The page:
By Kent Willis, Executive Director, ACLU of Virginia
In a legislative session where an unprecedented number of anti-reproductive rights bills has been introduced and supported, a strong majority of lawmakers is voting to authorize a ‘Choose Life’ special license plate. The ‘Choose Life’ bill not only creates a new license plate, but it limits the use of the proceeds from the sale of the plates to organizations that do not acknowledge abortion as an option for any pregnant woman, regardless of the circumstances.
In flocking together to show off their anti-choice feathers, legislators have entirely ignored the fact that the issue before them is free speech, not reproductive rights. And in doing so, they are most certainly dragging the state into a costly legal showdown that has already been decided against them.
It all started in 2000, when the General Assembly acted on a bill to create a special plate for the Sons of Confederate Veterans that included a depiction of the Confederate battle flag. The measure passed, but only after it was amended to remove the flag from the plate. SCV sued, claiming that the state had violated the First Amendment by censoring their message.
For the court, the key legal task was to define what kind of speech takes place on a special license plate. Is the plate a place for the government to disseminate its own message to the public? Or is it a place where private speech-- that is, the speech of the person to whom the plate is issued-- is expressed? The Fourth Circuit Court of Appeals decided that plates produced for individuals to express their views on a social or political matters are clearly the latter.
In the court’s jargon, these license plates are a “public forum for private speech.” This means that the plates are like a public park or sidewalk. Parks and sidewalks are created, owned and maintained by the government, but the public has access to them and can use them for demonstrations or other means of expression.
The rules for use of a public forum are clear. The government must be absolutely neutral when it comes to deciding who gets to use the forum and who does not. Whether you are pro-war or anti-war, pro-choice or anti-choice, Democrat or Republican, the KKK or the League of Women Voters, you must be given the exact same access to a public forum. That is the essence of free speech.
It should go without saying that the government may not make access to a public forum contingent on the vote of a legislative body. If Congress had the right to vote on every request to use the mall in D.C. for a march, the majority view would decide who gets to use it and who does not. Were that the case, Martin Luther King may never have given his “I Have a Dream” speech, and few would recall that there was opposition to the war in Vietnam.
Following the legal precedent set by the Fourth Circuit Court of Appeals in the SCV case, a federal court in South Carolina recently ruled that the ‘Choose Life’ plate approved by that state’s General Assembly violated the free speech clause. It was not that that South Carolina had censored speech, as Virginia had done in removing the Confederate flag, but that they had favored one viewpoint on reproductive freedom in a public forum.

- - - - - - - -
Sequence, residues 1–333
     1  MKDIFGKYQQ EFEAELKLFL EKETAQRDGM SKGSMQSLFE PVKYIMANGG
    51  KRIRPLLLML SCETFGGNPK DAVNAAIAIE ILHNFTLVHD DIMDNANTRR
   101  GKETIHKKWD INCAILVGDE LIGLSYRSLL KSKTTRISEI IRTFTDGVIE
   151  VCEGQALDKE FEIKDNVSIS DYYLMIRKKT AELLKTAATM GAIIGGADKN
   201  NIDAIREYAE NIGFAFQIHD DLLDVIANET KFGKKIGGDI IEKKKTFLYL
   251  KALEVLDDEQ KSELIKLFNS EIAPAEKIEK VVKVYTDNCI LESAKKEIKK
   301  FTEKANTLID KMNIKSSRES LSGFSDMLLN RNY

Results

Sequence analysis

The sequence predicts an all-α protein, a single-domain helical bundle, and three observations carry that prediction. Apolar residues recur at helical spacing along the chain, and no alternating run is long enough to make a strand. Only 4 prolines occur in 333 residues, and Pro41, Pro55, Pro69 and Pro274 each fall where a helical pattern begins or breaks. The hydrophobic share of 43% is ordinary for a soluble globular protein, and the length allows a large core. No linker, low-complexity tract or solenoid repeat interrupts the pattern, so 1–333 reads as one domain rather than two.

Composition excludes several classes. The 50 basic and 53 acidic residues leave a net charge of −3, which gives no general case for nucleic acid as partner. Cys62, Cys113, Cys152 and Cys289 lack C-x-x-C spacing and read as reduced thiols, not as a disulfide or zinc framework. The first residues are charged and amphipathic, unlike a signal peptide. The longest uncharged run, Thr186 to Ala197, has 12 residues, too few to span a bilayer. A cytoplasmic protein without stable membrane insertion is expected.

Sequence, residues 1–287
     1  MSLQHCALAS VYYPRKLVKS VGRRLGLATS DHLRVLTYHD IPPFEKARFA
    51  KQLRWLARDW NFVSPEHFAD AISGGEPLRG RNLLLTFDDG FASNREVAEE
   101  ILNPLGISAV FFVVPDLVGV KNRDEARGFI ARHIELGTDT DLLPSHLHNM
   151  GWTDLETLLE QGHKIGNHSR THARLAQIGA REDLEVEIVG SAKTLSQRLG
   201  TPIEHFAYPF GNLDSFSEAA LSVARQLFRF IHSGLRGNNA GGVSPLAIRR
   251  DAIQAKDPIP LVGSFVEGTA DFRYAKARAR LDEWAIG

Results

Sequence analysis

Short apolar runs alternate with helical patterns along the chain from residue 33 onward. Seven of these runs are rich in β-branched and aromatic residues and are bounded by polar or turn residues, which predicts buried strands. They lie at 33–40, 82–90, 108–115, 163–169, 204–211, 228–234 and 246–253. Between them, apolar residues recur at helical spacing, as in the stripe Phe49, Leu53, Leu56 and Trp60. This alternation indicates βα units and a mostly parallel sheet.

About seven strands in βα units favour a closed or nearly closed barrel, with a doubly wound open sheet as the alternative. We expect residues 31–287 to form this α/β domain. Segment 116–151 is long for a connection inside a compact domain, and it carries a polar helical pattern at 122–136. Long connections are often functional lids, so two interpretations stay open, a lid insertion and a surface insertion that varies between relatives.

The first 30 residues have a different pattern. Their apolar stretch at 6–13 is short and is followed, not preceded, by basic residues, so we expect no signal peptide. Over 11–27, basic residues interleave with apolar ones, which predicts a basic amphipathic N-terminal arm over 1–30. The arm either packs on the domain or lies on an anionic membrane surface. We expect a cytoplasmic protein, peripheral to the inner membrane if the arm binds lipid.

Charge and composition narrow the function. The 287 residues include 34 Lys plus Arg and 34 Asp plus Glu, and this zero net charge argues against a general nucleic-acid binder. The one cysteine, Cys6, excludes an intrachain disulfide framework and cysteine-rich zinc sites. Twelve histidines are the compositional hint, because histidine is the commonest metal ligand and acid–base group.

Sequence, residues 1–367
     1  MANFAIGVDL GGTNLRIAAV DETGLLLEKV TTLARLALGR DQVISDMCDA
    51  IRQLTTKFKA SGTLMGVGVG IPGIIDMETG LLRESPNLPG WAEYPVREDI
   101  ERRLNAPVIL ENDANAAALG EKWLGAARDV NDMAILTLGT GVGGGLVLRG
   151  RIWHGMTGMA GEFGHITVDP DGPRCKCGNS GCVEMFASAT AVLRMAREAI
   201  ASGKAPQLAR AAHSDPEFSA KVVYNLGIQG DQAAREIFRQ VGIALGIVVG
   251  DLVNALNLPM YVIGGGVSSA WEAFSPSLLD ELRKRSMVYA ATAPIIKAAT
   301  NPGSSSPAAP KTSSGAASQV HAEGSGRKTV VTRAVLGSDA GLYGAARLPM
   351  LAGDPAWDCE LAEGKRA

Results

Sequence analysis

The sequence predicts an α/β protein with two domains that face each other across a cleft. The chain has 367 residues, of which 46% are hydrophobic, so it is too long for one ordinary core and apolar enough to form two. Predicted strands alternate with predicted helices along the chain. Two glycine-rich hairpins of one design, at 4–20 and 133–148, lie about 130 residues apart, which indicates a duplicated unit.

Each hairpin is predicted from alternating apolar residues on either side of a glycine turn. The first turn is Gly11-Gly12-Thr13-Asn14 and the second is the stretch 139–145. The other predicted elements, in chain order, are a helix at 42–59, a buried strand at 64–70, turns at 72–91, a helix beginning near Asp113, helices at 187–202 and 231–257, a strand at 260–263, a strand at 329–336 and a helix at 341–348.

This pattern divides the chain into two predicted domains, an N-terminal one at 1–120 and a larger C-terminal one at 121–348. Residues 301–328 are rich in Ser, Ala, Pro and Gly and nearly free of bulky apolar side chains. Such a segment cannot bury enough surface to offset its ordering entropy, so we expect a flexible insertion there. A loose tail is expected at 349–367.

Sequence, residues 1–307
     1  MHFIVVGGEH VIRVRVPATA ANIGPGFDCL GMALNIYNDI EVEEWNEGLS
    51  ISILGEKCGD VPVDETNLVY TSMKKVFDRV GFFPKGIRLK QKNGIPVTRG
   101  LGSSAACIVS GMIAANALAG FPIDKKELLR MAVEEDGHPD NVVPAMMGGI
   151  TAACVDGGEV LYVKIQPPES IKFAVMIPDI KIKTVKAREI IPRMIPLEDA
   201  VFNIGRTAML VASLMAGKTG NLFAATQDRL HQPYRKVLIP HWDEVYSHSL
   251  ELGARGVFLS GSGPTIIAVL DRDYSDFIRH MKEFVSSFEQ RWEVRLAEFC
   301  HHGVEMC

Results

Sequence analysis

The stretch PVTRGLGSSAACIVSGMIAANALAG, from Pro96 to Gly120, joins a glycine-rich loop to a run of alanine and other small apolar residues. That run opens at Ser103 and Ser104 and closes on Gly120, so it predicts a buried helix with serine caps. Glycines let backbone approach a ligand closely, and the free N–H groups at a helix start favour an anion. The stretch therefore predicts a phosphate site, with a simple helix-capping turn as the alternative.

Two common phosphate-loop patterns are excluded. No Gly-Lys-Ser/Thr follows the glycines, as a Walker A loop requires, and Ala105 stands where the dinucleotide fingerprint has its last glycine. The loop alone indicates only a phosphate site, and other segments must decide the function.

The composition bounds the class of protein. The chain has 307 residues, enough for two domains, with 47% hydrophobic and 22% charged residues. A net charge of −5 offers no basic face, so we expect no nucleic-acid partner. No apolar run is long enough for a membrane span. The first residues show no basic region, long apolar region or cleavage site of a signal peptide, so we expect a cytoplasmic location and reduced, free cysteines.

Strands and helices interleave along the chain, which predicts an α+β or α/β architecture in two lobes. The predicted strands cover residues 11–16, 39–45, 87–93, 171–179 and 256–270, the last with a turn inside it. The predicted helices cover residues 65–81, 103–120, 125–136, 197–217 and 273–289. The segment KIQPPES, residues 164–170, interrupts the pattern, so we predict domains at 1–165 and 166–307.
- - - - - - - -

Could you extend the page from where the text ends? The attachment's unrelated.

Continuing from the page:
Despite losing the SCV case last year and despite the findings in the South Carolina “Choose Life” case (which is now on appeal to the same higher court that issued the SCV ruling), Virginia’s lawmakers seem locked in on making the same mistakes all over again.
There is an easy -- and right -- way out of this mess. The Virginia General Assembly should simply move the special license plate program to the Division of Motor Vehicles and have it administered on a content-neutral basis. In the same way that a city agency issues
permits to groups to use parks without regard to the groups’ ideological views, the state can authorize DMV to issue special license plates without regard to the applicant’s message.
In other words, every group that meets the requirements for having a special license plate gets one. If the pro-choice people can round up the requisite 350 prepaid applications for a pro-choice plate, they get one. If the anti-choice groups can do the same, they get their ‘Choose Life’ plate. It is as simple and fair as that.
Besides, does it even make sense that each and every special license plate be introduced as a separate bill in the General Assembly? Legislators already deal with 3,000 bills in 45 or 60 days each year. Surely, they have other matters to attend to.
In the end, this is about more than a few words on a license plate. Our nation’s founders wrote almost obsessively of free speech as the essential ingredient of their new democracy. Our Constitution would never have been ratified by the states without the guarantee of free speech in the Bill of Rights. Our Supreme Court has consistently recognized the paramount importance of free speech, from the right of one individual to wear an anti-war armband to school to the right of large groups to march in the streets to express their views.
That a majority of Virginia’s lawmakers -- because they are too busy, too motivated by politics, or just plain ignorant -- seem willing to pass this bill shows an alarming disrespect for the constitutional principle that most defines us as a nation.
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